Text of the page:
Science and society are common topics of discussion here. As frequently noted on this blog, a great number of our foriegn policy and domestic economic headaches could be made to go away if we were not dependent on foreign oil or oil at all. Alternatives have been discussed, but one of the most promising technologies – hydrogen – has time and again run into the issue of how to manufacture carbon-free or clean hydrogen. A new technology developed by doctoral student Erik Koepf working out of the University of Delaware and currently being tested in Switzerland shows promise of delivering hydrogen production free from carbon dioxide and other undesirable emissions.
Traditional methods of manufacturing hydrogen involve fractionating natural gas. This process negates any benefit of burning the hydrogen because the volume of carbon dioxide released in the manufacturing process is comparably as polluting as burning traditional fossil fuels. Koepf’s process essentially involves super heating zinc oxide via solar concentration in a cylinder filled with layers of ceramic and ultra-high temperature insulation materials. Zinc oxide is a benign substance similar to baking soda. Once a high temperature is achieved – in the test, a temperature of 3,000 degrees Fahrenheit or approximately 1/3 the temperature of the surface of the sun will be used – a gravity fed system is used to introduce zinc oxide to the cylinder. This causes a chemical reaction that converts the zinc oxide into a pure zinc vapor. This vapor is catalyzed with water during the next step producing hydrogen and zinc oxide. Because one of the byproducts of the process is the primary catalyst for the process and possibly reusable, this has the theoretical benefit of being a self-sustaining process.
All of Koepf’s work up to this point has been on the design itself, building the prototype and building and testing the control systems of the prototype. April 5 marked the start date for six weeks of testing the reactor at temperature at the Swiss Federal Institute of Technology in Zurich. These tests will not only measure the reliability of the reactor mechanism(s) at temperature but measure the amount of hydrogen produced and help determine if the production rate merits taking the reactor design beyond the prototype stage and into an industrial scale test. Although Koepf’s work has been primarily funded by the Federal Transit Administration, he is currently working to patent his design through the University of Delaware’s Office of Economic Innovation and Partnerships. If this works, Erik Koepf could be a name that goes down in the history of science as someone who fundamentally influenced the world and likely for the better.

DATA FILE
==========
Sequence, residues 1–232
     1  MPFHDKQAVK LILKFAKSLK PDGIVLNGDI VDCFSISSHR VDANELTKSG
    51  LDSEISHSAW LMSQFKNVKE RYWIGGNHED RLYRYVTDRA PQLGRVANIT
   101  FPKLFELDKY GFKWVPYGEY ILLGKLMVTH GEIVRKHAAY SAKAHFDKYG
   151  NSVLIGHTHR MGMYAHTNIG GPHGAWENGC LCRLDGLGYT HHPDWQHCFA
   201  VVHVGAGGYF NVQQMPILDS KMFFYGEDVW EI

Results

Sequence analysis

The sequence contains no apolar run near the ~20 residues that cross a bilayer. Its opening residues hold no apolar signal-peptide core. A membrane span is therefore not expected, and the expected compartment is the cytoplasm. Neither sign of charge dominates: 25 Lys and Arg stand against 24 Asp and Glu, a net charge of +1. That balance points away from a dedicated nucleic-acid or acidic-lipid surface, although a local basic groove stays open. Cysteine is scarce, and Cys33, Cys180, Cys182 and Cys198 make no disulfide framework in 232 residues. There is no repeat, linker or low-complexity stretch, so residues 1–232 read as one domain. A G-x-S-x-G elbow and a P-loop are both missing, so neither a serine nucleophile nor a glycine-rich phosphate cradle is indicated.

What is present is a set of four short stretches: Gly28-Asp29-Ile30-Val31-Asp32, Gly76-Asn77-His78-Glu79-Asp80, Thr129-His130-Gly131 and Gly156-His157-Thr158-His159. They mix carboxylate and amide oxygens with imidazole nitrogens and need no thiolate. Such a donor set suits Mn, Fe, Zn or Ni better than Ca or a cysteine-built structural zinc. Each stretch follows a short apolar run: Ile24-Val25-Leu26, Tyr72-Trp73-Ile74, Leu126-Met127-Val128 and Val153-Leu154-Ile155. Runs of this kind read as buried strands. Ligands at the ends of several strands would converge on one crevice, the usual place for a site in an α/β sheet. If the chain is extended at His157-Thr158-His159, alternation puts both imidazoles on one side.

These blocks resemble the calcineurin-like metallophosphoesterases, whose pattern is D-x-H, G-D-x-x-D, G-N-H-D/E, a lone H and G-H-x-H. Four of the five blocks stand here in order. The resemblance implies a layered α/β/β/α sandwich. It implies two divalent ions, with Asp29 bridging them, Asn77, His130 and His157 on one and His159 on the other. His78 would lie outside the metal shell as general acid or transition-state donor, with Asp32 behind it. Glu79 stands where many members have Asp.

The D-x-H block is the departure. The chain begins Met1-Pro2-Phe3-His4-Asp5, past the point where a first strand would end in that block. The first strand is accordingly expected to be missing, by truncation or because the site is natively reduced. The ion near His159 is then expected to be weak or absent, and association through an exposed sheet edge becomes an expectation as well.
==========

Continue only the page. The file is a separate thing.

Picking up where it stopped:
The question then becomes, if this works, how do we best proceed? Manufacturing facilities, safe delivery channels and safe storage facilities will need to be developed. Transportation and power companies will need to be incentivized to adopt hydrogen. Key to all is the manufacturing process.
Given that the oil industry directly used their improper influence over the Bush Administration to both force an invasion of Iraq – a country that did not attack us on 9/11 – and evade attacking Saudi Arabia – the country that did man and fund the 9/11 attacks but were and are business partners in the oil industry with the Bush family – if this technology does play out in providing a sustainable clean form of alternative energy, should we as a nation allow the oil industry to participate in the manufacturing and distribution of hydrogen given the heinous nature of their past bad acts? Should we nationalize hydrogen production and distribution? Should be create new monopolies discrete from the petroleum industry? Should we simply bar those bad actors from participating by force of law?
Once we overcome the supply issues for carbon-free energy, there is no reason we should allow the same corporate criminals currently running the oil industry to take over the (potentially) burgeoning hydrogen industry. They are known bad actors with a propensity to pursue profit over all other considerations including peace, human health, safety and welfare and the environment. We have options and at this early stage it is a pertinent and prudent time to consider those options if (and when) we can move forward with the first viable form of alternative energy. Which options should we consider? What do you think the best political and economic path to energy independence is once the technical barriers are breached?
What do you think?
~ Submitted by Gene Howington, Guest Blogger